22 December 2002
Saturday, yesterday, we went to a traditional wedding out in the middle of
nowhere. We took the Oshakati main
road east to Ondongwa, then turned north on a smaller (but still paved) road,
then, after a while, we turned west onto the sand and drove through the bush for
half an hour. No electricity or
running water this far out. In fact, they didn't even have a latrine.
When we arrived at the homestead, I asked one of our relatives where the
latrine was. She looked confused,
so I said toilet. She still looked
confused, then lead me around in circles for a while as if trying to find the
latrine. Finally, she just gestured
to the bushes beyond the fence. I actually prefer the bushes because at least it doesn't
stink out there and you don't have to worry about spiders and flies.
we didn't actually go to the wedding ceremony at the church, luckily we missed
that. Our friends, who went to a
different wedding on the same day, could only say of the ceremony that it was
"long." What we went to
was the reception at the bride's homestead.
When we got there, the bridal party had not yet arrived from the church,
but there were many people there, all working furiously to prepare the food.
They were cooking freshly slaughtered goat and cattle in big pots over
fires. In another place they were putting the final touches on the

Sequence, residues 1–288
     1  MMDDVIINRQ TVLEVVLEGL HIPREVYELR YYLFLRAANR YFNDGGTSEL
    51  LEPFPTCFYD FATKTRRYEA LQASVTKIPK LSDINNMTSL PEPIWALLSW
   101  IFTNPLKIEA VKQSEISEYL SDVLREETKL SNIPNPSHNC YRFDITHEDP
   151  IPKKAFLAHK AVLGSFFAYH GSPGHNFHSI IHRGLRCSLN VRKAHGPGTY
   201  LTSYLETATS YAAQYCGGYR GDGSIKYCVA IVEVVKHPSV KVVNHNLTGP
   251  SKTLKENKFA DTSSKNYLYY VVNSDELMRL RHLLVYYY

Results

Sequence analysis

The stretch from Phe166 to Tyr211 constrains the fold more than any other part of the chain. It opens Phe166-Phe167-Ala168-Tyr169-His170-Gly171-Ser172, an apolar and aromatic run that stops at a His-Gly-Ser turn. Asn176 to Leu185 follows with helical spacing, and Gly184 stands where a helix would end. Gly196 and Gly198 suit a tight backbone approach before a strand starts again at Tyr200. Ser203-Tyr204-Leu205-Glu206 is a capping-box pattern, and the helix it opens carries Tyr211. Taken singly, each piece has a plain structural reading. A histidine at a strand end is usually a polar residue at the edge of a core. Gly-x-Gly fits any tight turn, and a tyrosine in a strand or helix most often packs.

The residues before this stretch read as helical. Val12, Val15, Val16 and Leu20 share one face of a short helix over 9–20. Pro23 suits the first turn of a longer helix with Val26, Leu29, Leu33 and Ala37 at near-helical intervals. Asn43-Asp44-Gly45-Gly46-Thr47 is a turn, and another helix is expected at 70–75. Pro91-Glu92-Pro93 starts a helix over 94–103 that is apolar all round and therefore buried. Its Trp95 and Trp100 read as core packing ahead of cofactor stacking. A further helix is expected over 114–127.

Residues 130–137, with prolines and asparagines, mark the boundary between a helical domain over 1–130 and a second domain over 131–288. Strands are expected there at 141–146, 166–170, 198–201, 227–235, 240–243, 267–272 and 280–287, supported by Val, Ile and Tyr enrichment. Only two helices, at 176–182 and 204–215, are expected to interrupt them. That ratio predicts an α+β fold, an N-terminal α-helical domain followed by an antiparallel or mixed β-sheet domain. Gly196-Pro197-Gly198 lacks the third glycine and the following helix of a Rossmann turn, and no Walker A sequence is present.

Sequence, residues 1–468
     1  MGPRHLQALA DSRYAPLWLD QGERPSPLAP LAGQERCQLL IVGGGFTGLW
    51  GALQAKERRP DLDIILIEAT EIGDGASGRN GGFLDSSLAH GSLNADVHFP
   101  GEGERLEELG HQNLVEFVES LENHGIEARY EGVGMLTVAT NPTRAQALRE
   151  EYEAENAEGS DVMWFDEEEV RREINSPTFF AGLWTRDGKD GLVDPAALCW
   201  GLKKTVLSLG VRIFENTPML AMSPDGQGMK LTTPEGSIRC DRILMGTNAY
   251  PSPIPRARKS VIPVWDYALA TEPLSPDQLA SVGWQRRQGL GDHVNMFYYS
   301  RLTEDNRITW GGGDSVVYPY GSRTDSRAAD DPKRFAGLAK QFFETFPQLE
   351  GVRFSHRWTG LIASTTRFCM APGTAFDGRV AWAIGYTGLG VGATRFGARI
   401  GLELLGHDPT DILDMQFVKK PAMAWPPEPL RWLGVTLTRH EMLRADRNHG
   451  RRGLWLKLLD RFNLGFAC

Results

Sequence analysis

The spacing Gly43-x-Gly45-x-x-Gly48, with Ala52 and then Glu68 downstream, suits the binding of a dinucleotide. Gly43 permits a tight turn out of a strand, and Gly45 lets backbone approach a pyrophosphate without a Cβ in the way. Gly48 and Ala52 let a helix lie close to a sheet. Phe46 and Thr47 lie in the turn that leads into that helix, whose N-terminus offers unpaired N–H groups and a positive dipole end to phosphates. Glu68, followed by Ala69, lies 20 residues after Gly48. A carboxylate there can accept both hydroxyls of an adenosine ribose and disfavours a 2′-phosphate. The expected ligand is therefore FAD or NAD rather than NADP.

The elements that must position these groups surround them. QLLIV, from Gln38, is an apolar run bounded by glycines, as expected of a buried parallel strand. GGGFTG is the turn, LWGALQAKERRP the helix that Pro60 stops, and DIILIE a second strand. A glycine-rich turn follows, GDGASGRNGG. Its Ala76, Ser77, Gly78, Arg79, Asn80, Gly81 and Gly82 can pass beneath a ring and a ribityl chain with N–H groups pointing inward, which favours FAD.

potato salad, pasta salad, rice and coleslaw.
Zac and I wandered around aimlessly for a little bit, trying to find
somewhere to hide from all the stares. We
finally ended up under one of the makeshift tents talking to an older couple
that (thank god) knew English very well. We stayed there until we heard singing, a bunch of shrill
yelling and a few gunshots. Aah,
the arrival of the wedding party. We
followed our Tate out of the maze (I think all homesteads are modeled after the
Labyrinth, with a topless Kuku (grandma) hiding in the center instead of a
minotaur). The bride and groom were
walking under two umbrellas (to shade them) accompanied by the wedding party and
all the guests. There was a lot of
singing, and dancing, and older women with horsetail things that they were
waving around. We tried very hard
to be inconspicuous, to "blend" but it just wasn't happening.
a while, everyone crowded into one of the sections of the homestead and there
was some praying and more singing. We
hovered outside the fence.
Eventually, because a tall man with a red and white striped shirt and a big
feather in his hat beckoned us to come inside, we made our
way around the maze and into the
homestead. We were inside for only
a few moments when several of the kukus came filing out from somewhere, with
their shrill yelling, to greet us. We
"uhalopo'd" as best we could, and our greeting must have been
sufficient because they then trailed back to the wedding party.
The wedding celebration actually ended up being a lot more fun than we
anticipated. In Omege, we are used
to being ignored by everyone except the children, who never tire of calling out
"ongiini" or "hello, how are you?"
But many people at the wedding came and talked to us and seemed
interested in what we were doing in Namibia.
We probably talked to more people than we have during our entire stay in
Omege so far. Even our own family was more friendly than normal.
loitering around for a bit, it was time to eat. We went back to our assigned tent and were soon presented
with a glass filled to the brim with the traditional drink (consisting of